By Megan Jones, Advertising Manager
The month of March brings multiple holidays along with it, from Ash Wednesday to St. Patrick’s Day; so, I’m sure you’ll find yourself celebrating at some point. One of the most important holidays being celebrated is Women’s History Month.
This month long celebration of influential women first began in 1981 when President Carter was asked to proclaim the week of March 7th as “Women’s History Week.” After five years, the National Women’s History Project petitioned for Congress to declare the full month of March as Women’s History Month. Congress declared March of 1987 “Women’s History Month,” and since 1995 each president has made sure it’s an annual occurrence.
Some of you may be thinking to yourself “A whole month dedicated to women?” or “What’s so special about females?” or “When is Men’s History Month?” I’m here to remind you that the world we live in today has been paved for us by someone at some point. Both men and women should therefore join together in this historic celebration.
West Liberty University History Professor, Sandra Czernek, stresses the importance of being aware of those who struggled before us. “We have it pretty easy today, but we are standing on the shoulders of giants. Women (and supportive men) risked their reputations, fortunes, and even their lives for the things we take for granted,” she said.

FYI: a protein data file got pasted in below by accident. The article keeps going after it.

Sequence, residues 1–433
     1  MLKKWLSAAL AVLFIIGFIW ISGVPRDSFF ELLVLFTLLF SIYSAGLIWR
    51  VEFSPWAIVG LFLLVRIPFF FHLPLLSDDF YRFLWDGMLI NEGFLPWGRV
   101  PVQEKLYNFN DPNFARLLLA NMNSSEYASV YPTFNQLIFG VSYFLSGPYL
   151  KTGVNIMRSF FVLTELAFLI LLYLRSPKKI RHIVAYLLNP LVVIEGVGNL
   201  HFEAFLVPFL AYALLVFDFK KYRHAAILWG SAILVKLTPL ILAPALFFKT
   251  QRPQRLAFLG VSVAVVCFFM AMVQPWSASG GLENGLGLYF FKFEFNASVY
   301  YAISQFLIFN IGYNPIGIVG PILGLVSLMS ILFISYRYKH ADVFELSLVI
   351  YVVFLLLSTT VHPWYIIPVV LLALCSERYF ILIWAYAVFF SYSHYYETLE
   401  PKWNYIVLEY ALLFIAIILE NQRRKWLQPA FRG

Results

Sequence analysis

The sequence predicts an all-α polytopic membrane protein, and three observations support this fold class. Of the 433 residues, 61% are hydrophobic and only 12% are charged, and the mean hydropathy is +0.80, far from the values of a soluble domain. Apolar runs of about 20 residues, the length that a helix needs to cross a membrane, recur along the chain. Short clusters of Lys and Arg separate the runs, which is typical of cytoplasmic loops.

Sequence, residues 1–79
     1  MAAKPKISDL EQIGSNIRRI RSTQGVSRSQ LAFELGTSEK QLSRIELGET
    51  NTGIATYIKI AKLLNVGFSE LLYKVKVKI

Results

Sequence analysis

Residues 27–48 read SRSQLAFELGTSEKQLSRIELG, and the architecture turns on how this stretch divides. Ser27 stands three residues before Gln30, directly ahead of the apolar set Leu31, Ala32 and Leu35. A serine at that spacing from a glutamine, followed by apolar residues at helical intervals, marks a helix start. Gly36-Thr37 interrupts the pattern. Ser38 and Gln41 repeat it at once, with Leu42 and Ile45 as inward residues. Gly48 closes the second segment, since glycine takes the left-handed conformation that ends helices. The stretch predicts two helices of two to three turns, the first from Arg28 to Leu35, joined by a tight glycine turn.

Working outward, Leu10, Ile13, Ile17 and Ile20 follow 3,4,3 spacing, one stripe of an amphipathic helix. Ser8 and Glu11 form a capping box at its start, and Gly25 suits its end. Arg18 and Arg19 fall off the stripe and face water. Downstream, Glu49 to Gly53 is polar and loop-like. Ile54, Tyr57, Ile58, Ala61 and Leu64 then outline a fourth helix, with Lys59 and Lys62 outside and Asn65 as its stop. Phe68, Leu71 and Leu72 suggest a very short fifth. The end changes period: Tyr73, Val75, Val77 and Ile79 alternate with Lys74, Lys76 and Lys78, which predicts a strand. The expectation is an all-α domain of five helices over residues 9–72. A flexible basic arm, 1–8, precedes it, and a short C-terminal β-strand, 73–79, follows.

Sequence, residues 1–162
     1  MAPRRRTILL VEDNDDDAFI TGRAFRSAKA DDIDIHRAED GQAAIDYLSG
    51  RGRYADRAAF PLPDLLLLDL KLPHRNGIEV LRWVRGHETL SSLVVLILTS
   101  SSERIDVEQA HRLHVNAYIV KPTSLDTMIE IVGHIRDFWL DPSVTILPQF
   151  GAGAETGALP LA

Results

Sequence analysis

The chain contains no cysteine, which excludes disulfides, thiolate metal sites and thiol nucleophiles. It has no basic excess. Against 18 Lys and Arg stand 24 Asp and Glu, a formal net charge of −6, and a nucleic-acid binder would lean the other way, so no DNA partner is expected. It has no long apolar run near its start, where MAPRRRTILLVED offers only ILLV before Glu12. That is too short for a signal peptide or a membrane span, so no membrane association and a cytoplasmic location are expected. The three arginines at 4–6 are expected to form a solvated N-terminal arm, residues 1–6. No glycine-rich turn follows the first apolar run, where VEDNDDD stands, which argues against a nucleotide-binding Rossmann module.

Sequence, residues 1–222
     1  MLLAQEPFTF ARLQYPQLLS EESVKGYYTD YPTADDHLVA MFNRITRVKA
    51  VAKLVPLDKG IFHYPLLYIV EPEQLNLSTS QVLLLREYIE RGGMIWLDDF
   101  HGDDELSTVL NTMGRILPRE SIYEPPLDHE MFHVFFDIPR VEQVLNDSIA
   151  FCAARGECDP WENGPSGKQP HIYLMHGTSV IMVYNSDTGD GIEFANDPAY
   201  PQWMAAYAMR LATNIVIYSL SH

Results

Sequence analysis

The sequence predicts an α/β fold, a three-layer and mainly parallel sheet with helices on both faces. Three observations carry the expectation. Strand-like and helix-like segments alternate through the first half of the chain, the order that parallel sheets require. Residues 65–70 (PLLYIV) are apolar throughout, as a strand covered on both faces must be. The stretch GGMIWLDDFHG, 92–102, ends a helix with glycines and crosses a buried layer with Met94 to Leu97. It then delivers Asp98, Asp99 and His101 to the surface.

Czernek went on to mention the great debt we owe not only to the suffragettes who fought long and hard for women to receive the right to vote, but also to the women who proved females were capable of rule. For her, choosing a favorite woman of history is hard but if pressed, Rachel Carson would be her pick.
“The axiom that well-behaved women seldom make history does not apply to her. She was a mild-mannered civil servant who was absolutely fierce in her determination. Her seminal work ‘Silent Spring’ (1962) was written to raise public awareness of the dangers of pesticides,” Czernek said.
Although Carson endured opposition from the chemical industry, she remained steadfast in her work. Carson was battling breast cancer during the time, making her dedication even more remarkable, “To me, she had the courage of convictions that we all should emulate,” Czernek said.
If you’re looking for local celebrations, make sure to check the event calendars of public libraries. In the past, reenactments of famous females like Amelia Earhart, Eleanor Roosevelt, and more have been a hit. WVNCC is even scheduled to have Betsy Ross appear later this month!
Women’s History Month theme of 2017 is “Honoring Trailblazing Women in Labor and Business.” You can find more information about events during March and historic honorees here.
Photo credit: Biography.com